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Taking the Fear Out of Warehouse Management Technology (Part II)
By Jason Bader
Principal - The Distribution Team 

A few weeks ago, I decided to send out a survey to some of my newsletter readers.  I was curious about their experience with warehouse management software (WMS) and where they saw the benefit.  I wanted to understand the challenges associated with implementing these systems.  Participants were also asked what advice they would give distributors who are considering the investment in this technology.  This is the second part of a two part article discussing the comments of current distributors using WMS and my personal experience with the technology.  If you missed the first part, just send me an email requesting part one.

 

What has been the most challenging aspect of implementing a WMS system in your company?

 

Fear of technology was one of the challenges identified by the participants.  Several of the users were afraid that they would screw up the company if they pushed the wrong button on the scanner.  Others felt that the new method was too technical for their current employee base.  Consequently, some employees left voluntarily.  

 

The scanners can be intimidating at first.  There are a lot of buttons and lot of information packed into a small screen.  Don’t gloss over the need for hand holding.  For some, this is their first adventure into computing technology.  The laser generated from the scanner can cause fear as well.  Be patient and explain thoroughly.  Don’t let your IT person do the training unless they are very adept at coaching.  Most are not.

 

The discipline and culture is the biggest hurdle to overcome.  As I mentioned earlier, the company needs to change the way it functions.  Technology does not fix problems.  We apply technology to good practices in order to make them faster.  If we have bad habits, we will make mistakes faster.  Inventory movement dictated by a scanner will be frustrating to some employees.  The discipline of scanning communicates that movement to our system and ultimately allows additional action to occur.  When someone circumvents the process (by just grabbing it off the shelf to take care of a customer), the system has no way of recording that movement.  Ultimately, our count will be off and customer service will suffer.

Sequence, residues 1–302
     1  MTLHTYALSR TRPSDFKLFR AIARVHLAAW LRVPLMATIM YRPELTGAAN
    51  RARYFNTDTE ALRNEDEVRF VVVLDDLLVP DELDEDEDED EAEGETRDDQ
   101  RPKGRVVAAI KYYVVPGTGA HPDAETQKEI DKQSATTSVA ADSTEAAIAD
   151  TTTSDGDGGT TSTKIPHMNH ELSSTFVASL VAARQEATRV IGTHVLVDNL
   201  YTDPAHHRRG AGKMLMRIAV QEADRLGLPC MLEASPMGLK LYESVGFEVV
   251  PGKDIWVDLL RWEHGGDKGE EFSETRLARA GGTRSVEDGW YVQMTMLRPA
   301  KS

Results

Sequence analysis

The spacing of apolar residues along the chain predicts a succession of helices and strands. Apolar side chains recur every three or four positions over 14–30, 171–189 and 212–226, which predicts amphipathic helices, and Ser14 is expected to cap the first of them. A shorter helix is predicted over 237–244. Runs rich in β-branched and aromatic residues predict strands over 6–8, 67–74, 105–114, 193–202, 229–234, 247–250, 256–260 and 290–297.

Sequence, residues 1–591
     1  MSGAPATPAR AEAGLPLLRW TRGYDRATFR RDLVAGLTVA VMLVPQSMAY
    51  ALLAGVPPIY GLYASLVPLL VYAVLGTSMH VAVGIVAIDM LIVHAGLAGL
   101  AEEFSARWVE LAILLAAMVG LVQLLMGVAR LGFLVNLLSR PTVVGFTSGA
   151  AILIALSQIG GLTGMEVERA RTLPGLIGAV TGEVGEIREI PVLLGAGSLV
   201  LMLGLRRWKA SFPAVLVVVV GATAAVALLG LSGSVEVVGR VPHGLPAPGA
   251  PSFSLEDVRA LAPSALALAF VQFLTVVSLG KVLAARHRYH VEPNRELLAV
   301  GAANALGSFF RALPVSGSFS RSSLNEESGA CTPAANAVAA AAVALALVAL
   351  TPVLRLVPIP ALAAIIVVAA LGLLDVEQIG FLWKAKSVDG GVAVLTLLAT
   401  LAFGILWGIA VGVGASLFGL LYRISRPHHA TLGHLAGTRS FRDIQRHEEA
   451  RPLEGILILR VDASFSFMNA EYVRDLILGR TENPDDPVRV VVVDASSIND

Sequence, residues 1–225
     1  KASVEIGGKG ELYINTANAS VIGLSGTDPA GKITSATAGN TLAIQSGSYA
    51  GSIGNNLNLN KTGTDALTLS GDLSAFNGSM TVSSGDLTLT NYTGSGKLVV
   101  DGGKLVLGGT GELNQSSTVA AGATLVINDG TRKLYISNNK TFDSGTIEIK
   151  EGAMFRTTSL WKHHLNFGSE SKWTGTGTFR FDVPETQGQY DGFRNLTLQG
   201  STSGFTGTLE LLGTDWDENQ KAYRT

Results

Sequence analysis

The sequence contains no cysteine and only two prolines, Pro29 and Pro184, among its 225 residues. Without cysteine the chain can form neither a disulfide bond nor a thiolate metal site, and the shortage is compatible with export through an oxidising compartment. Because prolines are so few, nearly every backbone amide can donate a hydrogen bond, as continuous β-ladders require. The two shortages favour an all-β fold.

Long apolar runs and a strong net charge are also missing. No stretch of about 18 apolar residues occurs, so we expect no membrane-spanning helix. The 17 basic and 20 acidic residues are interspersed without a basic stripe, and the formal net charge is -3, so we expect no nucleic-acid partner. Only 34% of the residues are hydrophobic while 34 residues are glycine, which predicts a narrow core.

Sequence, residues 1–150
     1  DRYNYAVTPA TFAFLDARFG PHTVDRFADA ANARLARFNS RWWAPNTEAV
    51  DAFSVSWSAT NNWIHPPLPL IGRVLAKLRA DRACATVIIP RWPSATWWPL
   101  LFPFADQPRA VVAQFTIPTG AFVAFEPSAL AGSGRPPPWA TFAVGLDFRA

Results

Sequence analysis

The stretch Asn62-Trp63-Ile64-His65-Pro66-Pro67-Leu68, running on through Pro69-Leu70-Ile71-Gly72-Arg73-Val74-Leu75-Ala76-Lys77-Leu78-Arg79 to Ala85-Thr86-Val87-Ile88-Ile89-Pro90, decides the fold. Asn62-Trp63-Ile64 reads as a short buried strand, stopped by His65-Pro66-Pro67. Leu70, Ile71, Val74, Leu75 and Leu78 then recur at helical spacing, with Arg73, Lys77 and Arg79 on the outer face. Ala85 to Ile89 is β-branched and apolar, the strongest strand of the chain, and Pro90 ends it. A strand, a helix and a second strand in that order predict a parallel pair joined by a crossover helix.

Another challenge came from material without barcodes.  Several of us buy from suppliers who have not invested in coding technology.  This will cause your receiving process to bog down.  Receivers will have to generate a barcode tag for this material before it goes to the shelf.  Some distributors simply have master barcodes on the bins and do not label individual items.  Work with suppliers and see if they can help this process.

 

If you were to give advice to someone considering the purchase of this type of system, what would you tell them to do?

 

Some of the best advice from the survey was to go visit someone using the technology.  It doesn’t necessarily have to be from your industry, but that can help you visualize how it will function in your environment.  Ask the company what they like and don’t like about the package.  Do several visits before you start shopping so that you can narrow your field quickly.

 

Get all the players involved in the decision process.  If you spring the “solution” on them, the team will be much more apt to find fault in your decision making.  The ability to embrace change will be compromised. 

 

Get your warehouse in shape before implementation.  Not only do you need to get the physical house in order, but your procedures need to be clean up as well.  Really look at the way you are performing the basic functions:  receiving, put away, picking, shipping and counting.  What procedures need to be streamlined?  Are we still sending packing slips to the office for receipt into the system?  With regards to the physical plant, make sure that you quarantine the dead and obsolete inventory.  Clean up the place and make sure that you have a good bin layout. 

 

The participants were split on how to implement the different pieces of a WMS package.  I was always under the impression that a phased in approach was easier to swallow.  Start with either cycle counting or receiving and work your way through the modules.  Several participants recommended that new users go live with all aspects from day one.  Seeing the power of a fully integrated system will fuel the team to maintain discipline and help justify the investment.

 

Getting involved with WMS technology is a fairly big decision for many distributors.  Some of the packages can be very expensive, but that is changing.  The costs have come down to where the majority of distributors (under $20 million in annual revenue) can justify the expense.  When buying a new distribution software package, make sure that the provider has a solid WMS solution.  If you don’t have a plan to implement this type of technology, get one.  This is not a fad or philosophy.  You may not execute the plan this year or even next.  When the time is right, you will be far more prepared to make the best decision possible.  As always, I am here to help you through the process.  Good luck.

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